The sectors that we like are private sector banks, non-lending financials, technology and automobiles. Consumer staples is a space which we like but the valuations there are pretty stretched.
Fragile businesses with a high amount of leverage could face survival risk as this lockdown continues. Even if the companies have zero earnings for the next 3-6 months, 30 percent-plus correction in most of the stocks is overdone in my opinion," Raj Mehta, Fund Manager, PPFAS Mutual Fund said in an interview to Moneycontrol's Sunil Shankar Matkar.
Q: The market fell drastically in the past one month due to COVID-19 spread? What are your thoughts and what is the way ahead for the market?
A: The outbreak of COVID-19 has spread a lot of panic among people about their health and the health of their loved ones. I am more concerned about the humanitarian aspect here rather than the financial impact. Daily wage earners, freelancers, contract labour, etc. are the most impacted and heart goes out to such people.
In terms of finding a treatment for COVID-19, we are better placed than where we were 3 months back. Social distancing and lockdowns have helped to flatten the curve globally. Fragile businesses with a high amount of leverage could face survival risk as this lockdown continues.
Even if the companies have zero earnings for the next 3-6 months, 30 percent-plus correction in most of the stocks is overdone in my opinion.
Q: Do you think FM's Rs 1.7 lakh crore stimulus, and RBI's liquidity measures are enough?
A: Definitely. The moves by the RBI have been really good and well rounded. You could see the bond market's reply to the RBI move on Friday, 27th March. Not only have they reduced the repo rates by 75 bps but they also reduced the reverse repo rate and cash reserve ratio. This will in turn force the banks to lend whenever the situation improves rather than keeping funds with RBI. We have already seen SBI reducing lending rates and other banks will follow.
The announcements by FM were more welfare measures for the poor section of the society and we could see some more announcements in the coming days.
Q: At the time of market bleeding, what are your suggestions to your clients?
A: In my opinion, the correction in the markets is a bit overdone and the markets will recover before the actual economic recovery happens. Our advice to the clients has been to stick to their financial plans and don't get perturbed by these volatile market moves. Investors who are investing via SIP's should stick to the staggered investing.
This perhaps is the worst time to stop your SIP's. Our advice to the clients has been to keep investing in a staggered manner over the next few weeks. No one knows where the bottom is and when will the bottom be formed. It all looks good in hindsight.
Q: All stocks/sectors turn more attractive in terms of valuations now. Have you started accumulating?
A: Going into this market fall, we were sitting on about 10 percent cash in our flagship scheme Parag Parikh Long Term Equity Fund and about 20 percent cash in Parag Parikh Tax Saver Fund. We have started deploying this cash in the market mayhem.
The sectors that we like are private sector banks, non-lending financials, technology, and automobiles. Consumer staples is a space that we like but the valuations there are pretty stretched.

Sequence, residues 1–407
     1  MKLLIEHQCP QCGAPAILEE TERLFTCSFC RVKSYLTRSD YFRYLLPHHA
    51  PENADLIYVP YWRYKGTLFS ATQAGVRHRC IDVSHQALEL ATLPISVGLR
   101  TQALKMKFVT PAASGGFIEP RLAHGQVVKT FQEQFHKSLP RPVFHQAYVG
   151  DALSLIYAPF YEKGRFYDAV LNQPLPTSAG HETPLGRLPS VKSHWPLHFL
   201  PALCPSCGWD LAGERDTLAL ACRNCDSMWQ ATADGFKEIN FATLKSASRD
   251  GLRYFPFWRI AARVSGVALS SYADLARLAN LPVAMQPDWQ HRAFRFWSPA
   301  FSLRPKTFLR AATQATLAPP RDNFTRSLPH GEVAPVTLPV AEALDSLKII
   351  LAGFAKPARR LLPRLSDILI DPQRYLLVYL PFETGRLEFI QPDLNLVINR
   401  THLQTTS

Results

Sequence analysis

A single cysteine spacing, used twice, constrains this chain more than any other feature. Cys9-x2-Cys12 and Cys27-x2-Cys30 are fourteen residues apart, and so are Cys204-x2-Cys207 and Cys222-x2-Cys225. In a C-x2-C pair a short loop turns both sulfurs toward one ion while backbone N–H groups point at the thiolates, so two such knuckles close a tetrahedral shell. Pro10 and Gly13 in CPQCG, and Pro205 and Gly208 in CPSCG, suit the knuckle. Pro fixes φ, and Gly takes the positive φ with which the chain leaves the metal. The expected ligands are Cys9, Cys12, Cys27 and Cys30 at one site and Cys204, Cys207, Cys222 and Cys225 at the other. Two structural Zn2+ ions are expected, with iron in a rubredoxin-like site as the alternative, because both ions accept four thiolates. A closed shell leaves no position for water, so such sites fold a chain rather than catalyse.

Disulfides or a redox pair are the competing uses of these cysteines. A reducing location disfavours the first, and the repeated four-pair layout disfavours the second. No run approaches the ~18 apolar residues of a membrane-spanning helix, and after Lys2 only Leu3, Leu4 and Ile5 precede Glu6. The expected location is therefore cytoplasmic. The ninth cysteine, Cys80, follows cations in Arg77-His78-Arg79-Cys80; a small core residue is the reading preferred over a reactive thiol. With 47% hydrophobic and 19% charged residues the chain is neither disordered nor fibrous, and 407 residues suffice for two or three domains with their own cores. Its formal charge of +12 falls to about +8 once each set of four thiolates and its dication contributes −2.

Q: FIIs net sold over Rs 1 lakh crore in equity and debt in March so far, which seems to be the highest monthly outflow. Also are you worried due to the hefty outflow?
A: From what I hear and read, the ETF selling by FIIs seem to be over for now. But in case the COVID-19 situation doesn't subside globally and there is a risk-off, then we may see some more outflows from the emerging markets. In case India is able to come out stronger after this lockdown, it may be a good investment destination to look at.
Q: Earlier the economic and earnings recovery was expected to start in the second half of FY21. But now most experts started talking about FY22 for recovery. What are your thoughts?
A: In case of a worst-case scenario, we may see earnings getting wiped out for the next 6 months and on a conservative note, that is what we keep in our mind while investing in companies. Whether the earnings will revive in the 2nd half or not, is difficult to predict right now since we don’t know the exact outcome of this outbreak in our country.
The company managements feel that even if this lockdown gets over by mid-April, it will be really difficult to get the migrant labour back to work and it may take a while for the full supply to go onstream. All the supply chains will be broken and hence it may take some time to get it back live.
Q: Do you feel the government has a major relief in fiscal deficit due to more than a 60 percent fall in oil prices globally?
A: India imported $100 billion-plus of oil in FY19. So with over 60 percent drop in oil prices, definitely the government has some leeway in the fiscal deficit. At the same time, the divestment targets which they had would be really difficult to meet after this confidence hit. We have already seen the government increasing the excise duty on petrol and diesel and not passing on the full benefits of crude oil price drop to the consumers.
So this would act as a buffer to fight this virus. Given the situation currently, I think the government needs to focus more on reviving the economy rather than focusing too much on the fiscal deficit.
Disclosure: Views are personal.
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